Friday, April 21, 2006

Fleshy waves?

These are details of the 7 piece, composite painting hanging in the show.....

every show that I've had this past year, someone has seen figures, faces, or other human/organic forms in the more abstract work. this time a student at FDU saw a face in one of the etchings. I saw the flesh tones in these red/orange paintings when I was taking photos.

there must be something to this

I closely relate a body of water to the human body, because feels alive. Moving water pulses, undulates, and has a rhythm that I have seen in many people. Imagine a board surfer duck diving under a crashing wave. Picture young people playing in a small river with rapids, under the hot summer sun; swimming in and out of the currents.

I was tempted to use wax, encaustic, for this project, but I prefer the clearer (and more durable) medium of acrylic. I suppose now I know why wax sculptures are so life-like. The wax mimicks semi-transparency of skin.

What is really curious, fascinating about this subject, is that the more I work on a piece, the more I keep leaning towards a more fleshy combination of colors. It's easy to realize that our bodies are mostly water. Our flesh is mostly water. But that's the simple answer. There is something more of a deep connection to the water; some kind of calling.

Installation views

A few quick photos of the show installed at Fairleigh Dickinson University's art gallery. The opening was great. I think that the students really enjoyed it. I'm glad that I was able to answer all of the questions that they asked.

how it's made....

layer after layer of acrylic, piled on top of more layers, slowly built up, allowed to dry, color added, just a touch in each layer, lots of staring and watching the medium dry and crack and distort,until I am able to partly control the process, or at least make an educated prediction about how the acrylic will flow...

really thick layers can take up to two weeks to fully dry and become totally transparent.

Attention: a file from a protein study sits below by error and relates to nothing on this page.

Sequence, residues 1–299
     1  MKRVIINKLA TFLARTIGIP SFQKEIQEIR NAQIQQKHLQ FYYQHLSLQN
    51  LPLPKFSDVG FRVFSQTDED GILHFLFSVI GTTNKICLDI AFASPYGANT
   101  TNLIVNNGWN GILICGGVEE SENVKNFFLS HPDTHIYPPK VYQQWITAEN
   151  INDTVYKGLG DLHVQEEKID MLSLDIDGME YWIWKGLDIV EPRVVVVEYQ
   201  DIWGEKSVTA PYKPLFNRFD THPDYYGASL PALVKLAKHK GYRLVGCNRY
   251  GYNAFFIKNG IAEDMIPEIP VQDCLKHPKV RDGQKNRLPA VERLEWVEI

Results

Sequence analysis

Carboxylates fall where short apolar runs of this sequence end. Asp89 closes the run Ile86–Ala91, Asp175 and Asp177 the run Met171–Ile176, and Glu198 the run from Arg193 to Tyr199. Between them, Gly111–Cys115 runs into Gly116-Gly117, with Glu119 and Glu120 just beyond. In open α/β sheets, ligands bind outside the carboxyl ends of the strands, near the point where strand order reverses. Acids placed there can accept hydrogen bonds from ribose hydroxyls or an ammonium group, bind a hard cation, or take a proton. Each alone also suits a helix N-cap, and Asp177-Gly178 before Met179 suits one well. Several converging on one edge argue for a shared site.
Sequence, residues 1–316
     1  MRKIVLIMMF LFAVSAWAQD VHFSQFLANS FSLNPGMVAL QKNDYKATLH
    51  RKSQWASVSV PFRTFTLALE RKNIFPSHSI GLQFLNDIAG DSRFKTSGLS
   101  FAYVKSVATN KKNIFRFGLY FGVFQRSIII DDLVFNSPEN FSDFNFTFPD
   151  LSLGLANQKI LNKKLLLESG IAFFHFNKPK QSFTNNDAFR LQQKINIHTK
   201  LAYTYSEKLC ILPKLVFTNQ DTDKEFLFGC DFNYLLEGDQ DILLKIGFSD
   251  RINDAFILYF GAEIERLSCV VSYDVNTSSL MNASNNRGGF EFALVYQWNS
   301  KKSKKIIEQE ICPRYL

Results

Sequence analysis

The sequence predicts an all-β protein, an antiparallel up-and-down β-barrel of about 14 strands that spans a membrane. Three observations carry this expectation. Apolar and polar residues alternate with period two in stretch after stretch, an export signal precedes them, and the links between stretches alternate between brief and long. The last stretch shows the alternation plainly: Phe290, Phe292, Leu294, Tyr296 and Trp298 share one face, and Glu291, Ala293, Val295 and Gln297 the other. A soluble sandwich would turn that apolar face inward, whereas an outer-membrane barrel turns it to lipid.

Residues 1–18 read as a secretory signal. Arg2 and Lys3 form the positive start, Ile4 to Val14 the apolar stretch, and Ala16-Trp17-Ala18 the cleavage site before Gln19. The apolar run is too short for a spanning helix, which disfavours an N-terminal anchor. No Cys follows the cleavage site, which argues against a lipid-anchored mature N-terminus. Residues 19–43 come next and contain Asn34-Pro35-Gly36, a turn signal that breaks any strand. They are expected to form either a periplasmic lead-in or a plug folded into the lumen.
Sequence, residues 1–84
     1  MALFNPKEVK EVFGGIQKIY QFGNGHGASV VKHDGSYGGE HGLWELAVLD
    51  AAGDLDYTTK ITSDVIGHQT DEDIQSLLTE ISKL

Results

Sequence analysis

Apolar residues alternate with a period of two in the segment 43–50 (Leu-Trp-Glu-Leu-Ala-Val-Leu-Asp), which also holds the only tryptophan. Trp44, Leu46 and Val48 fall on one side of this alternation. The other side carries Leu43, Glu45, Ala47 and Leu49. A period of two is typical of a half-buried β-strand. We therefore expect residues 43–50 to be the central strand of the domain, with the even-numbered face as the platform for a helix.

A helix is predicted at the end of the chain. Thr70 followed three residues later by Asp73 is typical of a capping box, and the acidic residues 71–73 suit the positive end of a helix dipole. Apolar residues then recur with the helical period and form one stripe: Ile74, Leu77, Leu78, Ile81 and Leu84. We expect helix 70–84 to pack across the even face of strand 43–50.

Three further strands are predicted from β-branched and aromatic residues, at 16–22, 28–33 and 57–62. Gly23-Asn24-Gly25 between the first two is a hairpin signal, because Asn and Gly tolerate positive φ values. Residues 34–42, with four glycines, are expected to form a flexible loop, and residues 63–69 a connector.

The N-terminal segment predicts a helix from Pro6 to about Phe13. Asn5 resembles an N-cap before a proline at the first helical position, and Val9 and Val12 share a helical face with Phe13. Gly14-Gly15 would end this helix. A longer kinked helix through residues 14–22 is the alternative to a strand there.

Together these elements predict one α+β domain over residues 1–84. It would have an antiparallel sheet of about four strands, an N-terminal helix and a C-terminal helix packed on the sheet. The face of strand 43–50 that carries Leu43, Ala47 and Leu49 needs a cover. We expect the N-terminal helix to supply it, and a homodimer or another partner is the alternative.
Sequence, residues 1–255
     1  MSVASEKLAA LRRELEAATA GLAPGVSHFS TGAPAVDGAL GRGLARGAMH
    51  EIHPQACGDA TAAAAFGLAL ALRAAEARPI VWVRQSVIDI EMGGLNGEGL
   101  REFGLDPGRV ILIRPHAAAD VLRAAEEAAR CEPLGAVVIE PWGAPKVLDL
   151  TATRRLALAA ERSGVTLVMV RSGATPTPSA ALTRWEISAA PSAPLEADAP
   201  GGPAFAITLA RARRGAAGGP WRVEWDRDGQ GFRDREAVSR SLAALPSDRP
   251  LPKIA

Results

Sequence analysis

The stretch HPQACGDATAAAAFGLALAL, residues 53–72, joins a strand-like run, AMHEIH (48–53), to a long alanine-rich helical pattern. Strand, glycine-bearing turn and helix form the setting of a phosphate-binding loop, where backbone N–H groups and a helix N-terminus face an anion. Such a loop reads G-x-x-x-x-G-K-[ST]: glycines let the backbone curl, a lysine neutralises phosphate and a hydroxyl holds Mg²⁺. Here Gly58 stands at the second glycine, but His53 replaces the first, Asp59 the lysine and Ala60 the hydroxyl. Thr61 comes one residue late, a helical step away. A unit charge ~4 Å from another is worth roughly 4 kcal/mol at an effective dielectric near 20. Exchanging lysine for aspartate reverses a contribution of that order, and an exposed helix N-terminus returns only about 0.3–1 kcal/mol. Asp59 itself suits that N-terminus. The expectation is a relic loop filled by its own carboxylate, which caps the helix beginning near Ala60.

I've contemplated using polyester or epoxy resin as a medium,but I am concerned that I'll lose the flexible, fleshy, tactile sense that the acrylic has.

It's getting warmer outside so it might be time to move the entire operation into the open and see what influence the spring sun has on this work.

Wednesday, April 19, 2006

100 Waves

a project that started because I had an injured shoulder. I worked hard all last year and therefore did not do much surfing with my kayak. The plan was to spend lots of time surfing this year. But, I got injured and needed surgery and time off. I anticipated 100 days without a surf, thus decided to draw at least 100 waves. From my last surf on the Sheepscot River in Maine (reversing falls) to my first surf post-surgery at George's Hole on the Housatonic River in Connecticut, there was 138 days out of the water.
Each image is just a bit bigger than 4" x 6"

Wednesday, April 12, 2006

contrasts and relationships

many transparent layers to create illusions of a solid form, from far away
surface texture
glossy is difficult,can't see though it, can't see beyond the surface
but, when you're closer, the glare goes away and you see through the surface, to the layers below.
An overlap gives us a little hint when it does not completely cover what is behind it. But it will reveal far less than a transparency.

matte is easier to see,
but often only the first layer, so you just see the overlaps, not the actual depth
matte clouds up quickly and hinders the view of what lies beneath

reflected light off surface
at different angle there is no glare and depth is seen

real/invented colors
water is blue? green? ochre?
red and orange are high arousal state colors
synesthesia---- excited happiness is orange, passion is red. both are highly aroused states
water doesn't have a color